Listen, no one is going to plant your butt in the chair and write for you, but these resources for writers can definitely help get the juices flowing.
This list is by no means exhaustive. It does, however, reflect my personal favorites; they're where I go when I'm stuck, discouraged, or ready to hit the bottle hard at 2pm.
The Top 5 Resources for Writers
1) Merriam-Webster. I love words. I love what they reflect about the people using them, and I love learning about where they came from. This is why I love Merriam-Webster.com. Not only is it an amazing online dictionary and thesaurus, but it has fun and informative games, quizzes and facts about vocabulary and language. (I subscribe to their Word of the Day, which delivers a new word to your inbox every day.)
Sure, I'm the kind of gal who would (and, OK, has) read the dictionary for fun, but MW offers more than just words. On many occasions it's rekindled my love for language and reminded me why I do what I do.
2) Writer's Digest. "Write Better, Get Published" - this is the tagline for Writer's Digest, and while I don't buy the implied guarantee, I do like their writing prompts - especially for my creative writing. 99.9% of the time, their prompts never make it into my published work, but it does get my head out of my own ass and offer a fresh start.
They also have some pretty solid tips on how to make it as a freelancer. Just beware the hopeful novice writer: there are some pretty hard sells on this site - and outlandish claims. Example:
"Write a Breakout Novel in 2015"! Originally over $300, now only $49.98?! Well, cool my ink jets and colour me sold!
(If you want really good advice about getting published, read novelists Russell Smith's columns in the Globe and Mail. They give a hard, but compelling kick in the pants for any aspiring writer.)
3) Walking Therapy. It's good to get out of your head. It's better to get out of the house or office. I find walking to get the mail, or to the shops for something for dinner or going to get my son from school will open my mind (and burn a few calories - much needed as a stress eater who works in very close proximity to a fridge).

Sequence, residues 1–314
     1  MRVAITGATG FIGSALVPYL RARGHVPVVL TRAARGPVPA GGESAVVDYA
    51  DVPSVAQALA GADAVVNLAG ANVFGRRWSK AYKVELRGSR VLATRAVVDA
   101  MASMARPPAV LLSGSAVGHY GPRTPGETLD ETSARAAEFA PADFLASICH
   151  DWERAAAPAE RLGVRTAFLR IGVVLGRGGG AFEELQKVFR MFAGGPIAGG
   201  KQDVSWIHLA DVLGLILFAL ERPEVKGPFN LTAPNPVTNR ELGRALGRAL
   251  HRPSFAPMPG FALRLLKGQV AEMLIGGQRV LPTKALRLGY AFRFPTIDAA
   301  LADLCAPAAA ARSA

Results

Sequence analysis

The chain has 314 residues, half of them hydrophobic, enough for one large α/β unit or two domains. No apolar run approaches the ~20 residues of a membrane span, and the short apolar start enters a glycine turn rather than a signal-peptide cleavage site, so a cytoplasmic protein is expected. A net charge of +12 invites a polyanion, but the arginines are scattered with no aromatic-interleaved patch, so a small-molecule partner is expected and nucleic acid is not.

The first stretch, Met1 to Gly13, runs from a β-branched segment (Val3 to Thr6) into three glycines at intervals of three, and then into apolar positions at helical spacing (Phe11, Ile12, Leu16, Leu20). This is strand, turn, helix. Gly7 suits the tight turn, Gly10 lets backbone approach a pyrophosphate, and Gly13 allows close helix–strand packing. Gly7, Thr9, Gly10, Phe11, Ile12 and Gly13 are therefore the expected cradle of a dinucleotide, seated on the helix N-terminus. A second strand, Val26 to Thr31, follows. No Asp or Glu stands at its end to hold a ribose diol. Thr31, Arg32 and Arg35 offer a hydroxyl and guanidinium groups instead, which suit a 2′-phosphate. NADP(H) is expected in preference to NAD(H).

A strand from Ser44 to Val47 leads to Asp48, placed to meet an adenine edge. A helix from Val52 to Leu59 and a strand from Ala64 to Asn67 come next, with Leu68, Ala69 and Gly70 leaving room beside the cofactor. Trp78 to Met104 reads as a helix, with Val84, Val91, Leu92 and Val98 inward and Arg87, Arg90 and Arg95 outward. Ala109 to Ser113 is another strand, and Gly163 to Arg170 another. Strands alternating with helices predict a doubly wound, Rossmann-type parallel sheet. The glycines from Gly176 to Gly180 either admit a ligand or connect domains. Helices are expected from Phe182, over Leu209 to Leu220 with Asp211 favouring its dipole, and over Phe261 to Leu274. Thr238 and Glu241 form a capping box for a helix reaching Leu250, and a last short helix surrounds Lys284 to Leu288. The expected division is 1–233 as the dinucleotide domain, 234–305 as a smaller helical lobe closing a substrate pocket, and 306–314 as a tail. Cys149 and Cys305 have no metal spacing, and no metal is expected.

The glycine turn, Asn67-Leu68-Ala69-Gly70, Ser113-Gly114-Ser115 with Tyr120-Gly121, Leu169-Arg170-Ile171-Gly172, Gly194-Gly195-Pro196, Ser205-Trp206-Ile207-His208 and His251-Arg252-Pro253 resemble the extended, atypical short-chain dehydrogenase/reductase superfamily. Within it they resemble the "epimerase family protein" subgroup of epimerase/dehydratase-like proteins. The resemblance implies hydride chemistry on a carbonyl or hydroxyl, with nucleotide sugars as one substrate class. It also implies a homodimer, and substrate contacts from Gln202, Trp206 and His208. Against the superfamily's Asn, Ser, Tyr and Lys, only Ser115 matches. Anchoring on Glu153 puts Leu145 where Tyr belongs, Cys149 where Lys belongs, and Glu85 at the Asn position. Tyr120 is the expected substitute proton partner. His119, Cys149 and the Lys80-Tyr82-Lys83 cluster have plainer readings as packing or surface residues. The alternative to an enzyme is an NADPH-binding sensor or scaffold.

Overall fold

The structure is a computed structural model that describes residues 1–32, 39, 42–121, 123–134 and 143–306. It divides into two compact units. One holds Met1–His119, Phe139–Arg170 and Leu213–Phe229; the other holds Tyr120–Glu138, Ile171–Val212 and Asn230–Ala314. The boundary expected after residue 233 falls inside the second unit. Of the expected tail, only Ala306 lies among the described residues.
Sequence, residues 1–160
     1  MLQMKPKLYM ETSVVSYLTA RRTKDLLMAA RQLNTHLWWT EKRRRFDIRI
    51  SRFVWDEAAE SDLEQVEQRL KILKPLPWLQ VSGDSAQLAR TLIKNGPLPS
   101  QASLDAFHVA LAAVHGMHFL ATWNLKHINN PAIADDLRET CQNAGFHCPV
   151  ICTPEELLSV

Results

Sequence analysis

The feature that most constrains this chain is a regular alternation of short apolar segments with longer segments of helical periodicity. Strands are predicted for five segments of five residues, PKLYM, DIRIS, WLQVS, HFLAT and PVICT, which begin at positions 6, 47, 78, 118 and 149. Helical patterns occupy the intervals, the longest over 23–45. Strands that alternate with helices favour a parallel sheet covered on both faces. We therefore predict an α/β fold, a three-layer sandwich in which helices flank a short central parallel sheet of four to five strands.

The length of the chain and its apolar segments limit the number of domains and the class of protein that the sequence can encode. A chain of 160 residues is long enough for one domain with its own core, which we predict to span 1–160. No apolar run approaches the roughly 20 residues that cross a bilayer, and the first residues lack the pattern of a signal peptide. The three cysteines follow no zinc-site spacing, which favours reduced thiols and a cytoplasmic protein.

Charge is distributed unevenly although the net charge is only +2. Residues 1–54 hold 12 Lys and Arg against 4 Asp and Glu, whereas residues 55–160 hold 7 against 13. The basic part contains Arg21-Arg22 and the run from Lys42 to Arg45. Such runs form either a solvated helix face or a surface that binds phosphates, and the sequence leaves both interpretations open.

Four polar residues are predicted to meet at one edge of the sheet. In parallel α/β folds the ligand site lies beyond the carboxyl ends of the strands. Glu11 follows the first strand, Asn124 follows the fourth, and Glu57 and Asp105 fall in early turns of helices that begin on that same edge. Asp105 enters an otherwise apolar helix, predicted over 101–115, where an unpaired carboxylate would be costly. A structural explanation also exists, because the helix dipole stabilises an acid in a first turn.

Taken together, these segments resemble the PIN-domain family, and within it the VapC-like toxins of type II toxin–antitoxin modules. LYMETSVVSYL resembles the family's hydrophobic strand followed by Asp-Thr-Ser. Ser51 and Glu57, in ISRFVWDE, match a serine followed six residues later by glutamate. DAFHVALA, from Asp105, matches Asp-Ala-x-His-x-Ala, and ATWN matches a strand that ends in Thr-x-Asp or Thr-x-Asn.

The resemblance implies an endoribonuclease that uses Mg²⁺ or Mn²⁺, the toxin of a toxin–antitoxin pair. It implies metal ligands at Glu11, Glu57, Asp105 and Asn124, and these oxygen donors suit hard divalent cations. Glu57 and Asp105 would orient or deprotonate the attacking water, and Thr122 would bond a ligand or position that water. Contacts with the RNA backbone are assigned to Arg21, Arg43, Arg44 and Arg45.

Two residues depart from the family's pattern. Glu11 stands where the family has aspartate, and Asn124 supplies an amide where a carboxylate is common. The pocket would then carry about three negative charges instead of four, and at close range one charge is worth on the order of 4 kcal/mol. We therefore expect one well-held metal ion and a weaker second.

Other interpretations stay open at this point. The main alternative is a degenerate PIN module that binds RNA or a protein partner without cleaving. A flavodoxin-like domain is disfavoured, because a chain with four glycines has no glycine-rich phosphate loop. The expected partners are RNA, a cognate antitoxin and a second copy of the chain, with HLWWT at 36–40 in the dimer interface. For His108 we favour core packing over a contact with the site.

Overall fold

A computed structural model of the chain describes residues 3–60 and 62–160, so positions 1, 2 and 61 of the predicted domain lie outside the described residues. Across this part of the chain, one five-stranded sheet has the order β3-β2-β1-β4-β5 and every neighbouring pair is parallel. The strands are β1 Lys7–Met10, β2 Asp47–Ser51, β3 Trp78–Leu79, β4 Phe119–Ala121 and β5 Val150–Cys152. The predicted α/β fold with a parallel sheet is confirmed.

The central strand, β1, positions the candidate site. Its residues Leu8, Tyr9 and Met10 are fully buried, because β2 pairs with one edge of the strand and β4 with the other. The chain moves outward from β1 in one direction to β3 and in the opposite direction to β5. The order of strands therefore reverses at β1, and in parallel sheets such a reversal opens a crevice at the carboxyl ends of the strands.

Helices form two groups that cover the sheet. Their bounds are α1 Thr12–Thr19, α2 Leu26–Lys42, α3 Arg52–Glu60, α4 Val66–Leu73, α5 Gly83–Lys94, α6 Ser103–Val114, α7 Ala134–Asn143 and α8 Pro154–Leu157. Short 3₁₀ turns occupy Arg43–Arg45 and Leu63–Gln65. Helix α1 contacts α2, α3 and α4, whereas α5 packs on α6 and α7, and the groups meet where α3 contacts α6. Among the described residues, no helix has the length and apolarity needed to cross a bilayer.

4) Writer's Trust of Canada. From news on grants, and lectures, to intel on writer's retreats and scholarships, this is a great place to stop by, get informed and get inspired.
5) Copy Blogger. Creative writers, put your scruples aside. We live in an age where content is King, and if you want to make it as a Writer (or even a 'writer'), at one point or another, you're probably going to have to sell yourself into a world of creative prostitution: you're doing something you technically love, but more often than not, it's loveless.
You're just going through the motions - and this is OK. There's a pay off. Writing content for other people has made me a better writer. It's made me more diligent, more focused. It's trained me to sit down and write, write, write and edit, edit, edit until the job's done. No excuses.
Sure, I take pride in my work (and God knows I learn a lot), but it certainly isn't something I'd write about without being hired to do so.
I've found the emails and articles by Copy Blogger invariably beneficial as a content writer, and a as a capital 'W' writer. It forces me out of my comfort zone, and accepting the work gets me to explore topics I would never have delved into on my own. Like here. And here and here and here.
Copy Blogger helps content writers find ways to engage their audiences across the board - and this is going to be an invaluable writing resource if you want to write for a living.
And there aren't many writers who get to make a living writing about what they want, all the time. All of us have to rent ourselves out now and then, which is not to be confused with selling out.
You don't have to write about anything that's against your moral code, but you do have to write. Writers don't just hang out in coffee shops and bars, waxing poetic, they actually have to produce...you know...words.
That's where these resources for writers come in. They'll help, Trust me.
Have your own favourite resources for writers? Tell me about them in the comments below.